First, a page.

43-44 Then he shouted, “Lazarus, come out!” And he came out, a cadaver, wrapped from head to toe, and with a kerchief over his face.

Jesus told them, “Unwrap him and let him loose.”


Can we try to picture Lazarus as he hears those words? Heaven-sent Lazarus. Heaven-happy Lazarus. Four days into his measureless days. By now he's forming fast friendships with other saints. King David shows him the harps. Moses invites him over for tea and manna. Elijah and Elisha take him for a spin in the fiery chariot. Daniel has promised him a lion of a Bible story. He's on his way to hear it when a voice booms through the celestial city.

"Lazarus, come out!

“Everybody knows that voice. No one wonders, Who was that? Angels stop. Hosts of holy-city dwellers turn toward the boy from Bethany, and someone says, "Looks like you're going back for another tour of duty."


Lazarus doesn't question the call. Perfect understanding comes with a heavenly passport. He doesn't object. But had he done so, who could have faulted him? His heavenly body knows no fever. His future no fear. He indwells a city that is void of padlocks, prisons, and Prozac. With sin and death nonexistent, preachers, doctors, and lawyers are free to worship. Would anyone blame Lazarus for saying, "Do I have to go back?"


But he doesn't second-guess the command. Nor does anyone else. Return trips have been frequent of late. The daughter of the synagogue ruler. The boy from Nain. Now Lazarus from Bethany. Lazarus turns toward the rarely used exit door. The very one, I suppose, Jesus used some thirty earth years earlier. With a wave and within a wink, he's reunited with his body and waking up on a cold slab in a wall-hewn grave. The rock to the entrance has been moved, and Lazarus attempts to do the same. Mummy-wrapped, he stiffly sits up and walks out of the tomb with the grace of Frankenstein's monster.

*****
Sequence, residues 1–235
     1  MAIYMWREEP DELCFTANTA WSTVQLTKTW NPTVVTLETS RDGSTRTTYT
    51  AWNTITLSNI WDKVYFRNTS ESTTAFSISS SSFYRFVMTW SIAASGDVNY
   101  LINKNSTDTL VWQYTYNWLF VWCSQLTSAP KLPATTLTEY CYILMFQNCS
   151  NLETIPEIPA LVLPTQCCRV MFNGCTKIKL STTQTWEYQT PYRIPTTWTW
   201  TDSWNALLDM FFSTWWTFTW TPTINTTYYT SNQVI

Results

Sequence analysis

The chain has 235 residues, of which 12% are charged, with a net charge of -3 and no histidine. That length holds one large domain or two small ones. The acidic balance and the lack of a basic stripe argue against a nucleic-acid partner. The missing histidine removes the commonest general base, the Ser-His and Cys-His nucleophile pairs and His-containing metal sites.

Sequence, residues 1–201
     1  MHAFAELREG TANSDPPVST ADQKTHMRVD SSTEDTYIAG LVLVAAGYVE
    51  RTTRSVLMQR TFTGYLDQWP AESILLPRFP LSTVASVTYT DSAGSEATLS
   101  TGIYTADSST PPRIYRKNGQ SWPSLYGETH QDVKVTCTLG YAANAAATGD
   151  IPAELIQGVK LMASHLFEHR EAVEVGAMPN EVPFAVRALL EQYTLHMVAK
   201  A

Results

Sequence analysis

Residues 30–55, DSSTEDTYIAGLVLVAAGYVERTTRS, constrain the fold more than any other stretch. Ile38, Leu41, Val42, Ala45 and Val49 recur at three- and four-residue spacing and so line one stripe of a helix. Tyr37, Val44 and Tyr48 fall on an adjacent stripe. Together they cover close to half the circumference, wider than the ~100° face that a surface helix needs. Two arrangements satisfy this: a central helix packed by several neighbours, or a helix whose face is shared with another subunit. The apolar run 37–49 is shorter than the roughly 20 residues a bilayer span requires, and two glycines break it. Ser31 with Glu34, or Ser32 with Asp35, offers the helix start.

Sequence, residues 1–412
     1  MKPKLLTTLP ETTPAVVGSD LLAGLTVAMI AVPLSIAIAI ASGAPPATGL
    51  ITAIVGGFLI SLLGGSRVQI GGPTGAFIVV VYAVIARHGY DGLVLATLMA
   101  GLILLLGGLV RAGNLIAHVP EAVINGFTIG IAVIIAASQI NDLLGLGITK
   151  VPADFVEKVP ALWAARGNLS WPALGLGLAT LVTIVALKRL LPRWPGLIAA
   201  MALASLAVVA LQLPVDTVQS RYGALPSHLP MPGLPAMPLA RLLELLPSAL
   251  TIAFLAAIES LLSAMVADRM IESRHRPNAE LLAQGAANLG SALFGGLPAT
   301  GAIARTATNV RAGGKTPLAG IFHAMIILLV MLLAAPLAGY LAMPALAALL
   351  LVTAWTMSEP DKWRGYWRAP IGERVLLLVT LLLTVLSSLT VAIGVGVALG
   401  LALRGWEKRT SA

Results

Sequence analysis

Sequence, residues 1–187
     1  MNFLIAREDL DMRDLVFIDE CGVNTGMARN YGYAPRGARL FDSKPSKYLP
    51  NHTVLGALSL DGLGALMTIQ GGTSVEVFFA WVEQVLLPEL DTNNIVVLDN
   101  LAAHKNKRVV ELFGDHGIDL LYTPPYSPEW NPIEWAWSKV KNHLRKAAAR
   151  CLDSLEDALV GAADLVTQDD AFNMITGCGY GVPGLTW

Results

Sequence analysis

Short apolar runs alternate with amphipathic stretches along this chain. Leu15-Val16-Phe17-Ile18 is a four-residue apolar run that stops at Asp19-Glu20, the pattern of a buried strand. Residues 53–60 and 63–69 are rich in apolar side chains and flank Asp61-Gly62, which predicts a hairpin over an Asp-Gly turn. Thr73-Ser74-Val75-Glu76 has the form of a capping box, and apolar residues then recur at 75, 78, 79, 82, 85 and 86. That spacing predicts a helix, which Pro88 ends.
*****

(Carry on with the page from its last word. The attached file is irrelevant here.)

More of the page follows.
In the commands for the bystanders to roll away the stone and unwrap Lazarus we learn that although only God can raise the dead, He still uses men to do the things they are capable of doing.

We play a part

in what He does.

The ministry we

do for the Lord

is an honored



What a privilege we have as servants of the Lord! We may not be involved in a visible dynamic ministry, but that doesn't necessarily reduce its importance in the overall divine plan. God uses people who are available. At the tomb of Lazarus, Jesus enlisted some men to roll away the stone and remove the grave clothes from Lazarus. If you saw a need you could meet, and

sensed the Lord's leading for you

to meet it, would you be available

to serve the Lord in that capacity?

Or would you be so busy, it would be

easy for you rationalize that someone

else would do it?


The story is told of a family that moved into a new community. They were promptly visited by two elders and the pastor of a nearby church who cordially invited them to attend the services on the Lord's Day. The man assured them that he would come just as soon as he got straightened out. Several months passed, and he still hadn't put in an appearance, so the minister called again and repeated his invitation. But he received the same reply. The fellow hadn't yet gotten everything straightened out. A few weeks later he died, and his widow asked to have the funeral services in the church. The preacher graciously agreed. It was indeed a sad affair. Later when a member of the congregation asked the pastor if the man was a Christian, he answered, "He never attended services here, and no one can recall ever hearing him give a testimony of his faith in Christ, so I can't say. I only know he was a man of his word. He promised to come to church just as soon as he got straightened out - and he did!"


The final proof of Christianity is the sight of what Jesus Christ can do. Words may fail to convince, but there is no argument against God in action. That is what lays so tremendous a responsibility on the individual Christian. The design of God is that every one of us should be a living proof of his power.



Lazarus means “one whom God helps.”

Interesting isn’t it?



John McArthur: Sickness for the Glory of God

The Resurrection and the Life

Lazarus, Come Forth!

Max Lucado: When Death Becomes Birth

Ray C. Stedman: God's Strange Ways